With the win, Webster earned his third professional title.
Written by John Archibald, Team Webster/Resolution Sports
Derrick “Take it to the Bank” Webster (16-0, 8 KOs) had a stern test in front of him on Friday night in the form of Lester Gonzalez (12-12-4, 6 KOs), battling the gritty Cuban to an eventual six-round majority decision win in Philadelphia. The victory was the second for Webster in just five weeks, and with it came his third professional title, the IBS Super Middleweight Championship.
“He was a tough dude. He definitely came to fight,” Webster said after the bout. “In the middle of the first round, I hit him with a left hand, and it feels like I fractured it. After that, I had to fight the rest of the fight with one hand.”
After suffering the injury, Webster relied on his seven-inch height advantage to keep Gonzalez at bay, and the hard pressing San Diego resident had a tough time getting inside the range of the 6-foot-4 Webster throughout the six frames of action.
“I don’t believe in pressure. I’ve always been an overcomer,” Webster commented about the disadvantageous situation. “I’ve always been able to overcome anything and get through anything. When I felt the injury to my hand, I knew I had to lay off it, but my trainer Denny Brown teaches me in the gym how to kill somebody with one hand. And I knew that I had the ability, the speed, the confidence and the power to do so.”
Without question, Gonzalez was a very game opponent who remained dangerous throughout the entire bout. He continually came forward with some winging overhands that appeared to have a decent amount of power on them, but Webster was able to avoid getting touched for the most part, backing up the Cuban with a crisp jab and using slick head movement to dip out of harm’s way. To compensate for virtually having one hand, he began to use more feints and stutter steps to throw off the rhythm of his opposition.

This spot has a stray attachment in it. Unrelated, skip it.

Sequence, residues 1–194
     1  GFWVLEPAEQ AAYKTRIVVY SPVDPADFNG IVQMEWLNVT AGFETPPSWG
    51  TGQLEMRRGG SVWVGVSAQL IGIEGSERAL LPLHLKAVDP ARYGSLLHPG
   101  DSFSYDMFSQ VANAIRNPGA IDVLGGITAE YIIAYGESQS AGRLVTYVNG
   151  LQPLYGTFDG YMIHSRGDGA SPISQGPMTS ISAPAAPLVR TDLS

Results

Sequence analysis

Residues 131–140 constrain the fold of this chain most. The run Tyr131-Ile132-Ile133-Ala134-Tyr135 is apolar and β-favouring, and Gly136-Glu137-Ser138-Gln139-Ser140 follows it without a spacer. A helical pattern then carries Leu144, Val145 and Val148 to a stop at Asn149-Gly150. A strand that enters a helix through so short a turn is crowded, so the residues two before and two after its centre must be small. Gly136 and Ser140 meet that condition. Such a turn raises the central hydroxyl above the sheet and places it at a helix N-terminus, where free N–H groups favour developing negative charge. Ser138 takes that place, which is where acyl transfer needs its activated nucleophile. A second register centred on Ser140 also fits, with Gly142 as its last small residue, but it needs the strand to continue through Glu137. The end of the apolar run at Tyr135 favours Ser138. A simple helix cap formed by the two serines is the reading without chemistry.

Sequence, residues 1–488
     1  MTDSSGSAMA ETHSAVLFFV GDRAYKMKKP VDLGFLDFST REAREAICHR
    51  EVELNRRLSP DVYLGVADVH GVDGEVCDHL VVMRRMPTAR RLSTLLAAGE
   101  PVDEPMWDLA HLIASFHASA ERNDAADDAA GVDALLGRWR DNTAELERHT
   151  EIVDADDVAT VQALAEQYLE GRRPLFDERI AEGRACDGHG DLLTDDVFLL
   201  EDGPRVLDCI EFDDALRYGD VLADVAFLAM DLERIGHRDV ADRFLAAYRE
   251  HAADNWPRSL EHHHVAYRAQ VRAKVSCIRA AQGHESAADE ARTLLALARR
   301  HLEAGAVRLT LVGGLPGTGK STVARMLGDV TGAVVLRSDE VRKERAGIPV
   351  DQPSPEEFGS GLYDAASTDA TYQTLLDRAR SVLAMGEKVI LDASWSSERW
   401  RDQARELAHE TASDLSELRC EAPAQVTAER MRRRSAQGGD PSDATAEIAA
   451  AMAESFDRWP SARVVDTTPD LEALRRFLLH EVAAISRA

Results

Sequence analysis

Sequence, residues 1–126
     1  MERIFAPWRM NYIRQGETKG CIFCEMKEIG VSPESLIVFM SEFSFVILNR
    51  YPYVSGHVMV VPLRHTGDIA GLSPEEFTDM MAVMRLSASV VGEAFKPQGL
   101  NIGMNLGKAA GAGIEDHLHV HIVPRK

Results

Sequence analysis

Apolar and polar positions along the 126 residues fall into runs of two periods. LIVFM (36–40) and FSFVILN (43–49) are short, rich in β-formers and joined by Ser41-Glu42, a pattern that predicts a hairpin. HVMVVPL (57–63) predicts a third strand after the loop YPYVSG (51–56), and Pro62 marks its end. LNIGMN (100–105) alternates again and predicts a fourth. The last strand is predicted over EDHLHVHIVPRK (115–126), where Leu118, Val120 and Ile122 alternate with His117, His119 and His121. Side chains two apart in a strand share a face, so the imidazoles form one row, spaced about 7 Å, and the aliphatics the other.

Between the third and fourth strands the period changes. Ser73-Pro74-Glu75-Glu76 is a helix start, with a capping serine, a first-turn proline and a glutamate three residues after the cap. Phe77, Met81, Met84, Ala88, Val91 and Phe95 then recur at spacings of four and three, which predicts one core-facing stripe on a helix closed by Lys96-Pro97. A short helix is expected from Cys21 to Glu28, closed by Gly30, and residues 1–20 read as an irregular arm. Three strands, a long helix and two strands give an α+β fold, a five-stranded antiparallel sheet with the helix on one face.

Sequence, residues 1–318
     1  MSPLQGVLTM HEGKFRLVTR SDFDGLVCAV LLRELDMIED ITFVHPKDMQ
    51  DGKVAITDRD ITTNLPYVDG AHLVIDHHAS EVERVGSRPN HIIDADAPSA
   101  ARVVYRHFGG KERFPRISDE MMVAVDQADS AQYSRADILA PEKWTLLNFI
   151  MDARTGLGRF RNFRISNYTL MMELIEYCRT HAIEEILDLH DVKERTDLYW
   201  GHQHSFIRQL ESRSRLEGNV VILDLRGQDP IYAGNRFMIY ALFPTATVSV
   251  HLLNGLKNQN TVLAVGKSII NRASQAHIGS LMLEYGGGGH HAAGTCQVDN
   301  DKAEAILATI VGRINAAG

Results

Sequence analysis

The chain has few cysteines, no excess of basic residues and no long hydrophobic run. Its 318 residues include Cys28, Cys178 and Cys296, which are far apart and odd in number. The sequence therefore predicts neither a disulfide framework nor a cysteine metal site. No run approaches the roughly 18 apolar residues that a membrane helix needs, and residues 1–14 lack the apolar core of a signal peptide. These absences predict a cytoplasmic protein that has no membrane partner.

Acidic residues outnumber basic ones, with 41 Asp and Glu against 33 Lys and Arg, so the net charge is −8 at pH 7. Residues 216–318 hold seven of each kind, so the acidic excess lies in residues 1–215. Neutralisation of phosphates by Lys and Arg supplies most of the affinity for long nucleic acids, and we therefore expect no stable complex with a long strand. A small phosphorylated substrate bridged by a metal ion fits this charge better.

Over the first half of this contest, the New Jersey native did his best work when he was able to double up the jab and follow that with the straight left hand. The showmanship truly came out between these two combatants in the second half, beginning in the latter portion of the fourth round when both men dropped their hands and began to mix up exchanges with some good verbal altercations. The pace also increased the rest of the way as a result, much to the pleasure of the fans in attendance.
Staying behind the jab and using his footwork, Webster was able to finish stronger down the stretch, and the final outcome would eventually rely upon the analysis of the ringside judges. When tallies of 59-54 and 58-56 in favor of Webster were revealed alongside an even 57-57 count, the Glassboro native saw his perfect professional record increase to 16-0, also earning him the IBS Super Middleweight Championship.
When asked how 16-0 as a professional prize fighter felt to him, Webster offered a few adjectives.
“Great. Special. Different. Blessed,” he described. “I’m definitely ready for the next level, that’s what I’m shooting for. I’m 16-0. I wish my father was alive to see this. I wish my brother was alive to see this. I can’t explain it. I get to go home with a new piece of gold that I trained so hard to achieve. When I look at these things, I think about my children, and I think about where I’m really taking them. This is a very humbling experience that I’m going through.
“Not to take anything away from another fighter, but I’ve always set myself apart from all fighters. My story is just different. So keep your eyes on me. I’m about to take you on a ride.”
A member of D and D Management, Webster and his team will now knock around a few opportunities that they have sitting on the table, and the undefeated middleweight expects to get back into the ring once again in the very near future.
Any media members who would like to set up an interview with Derrick Webster can arrange those requests by contacting publicist John Archibald today at jarchibald@ResSports.com.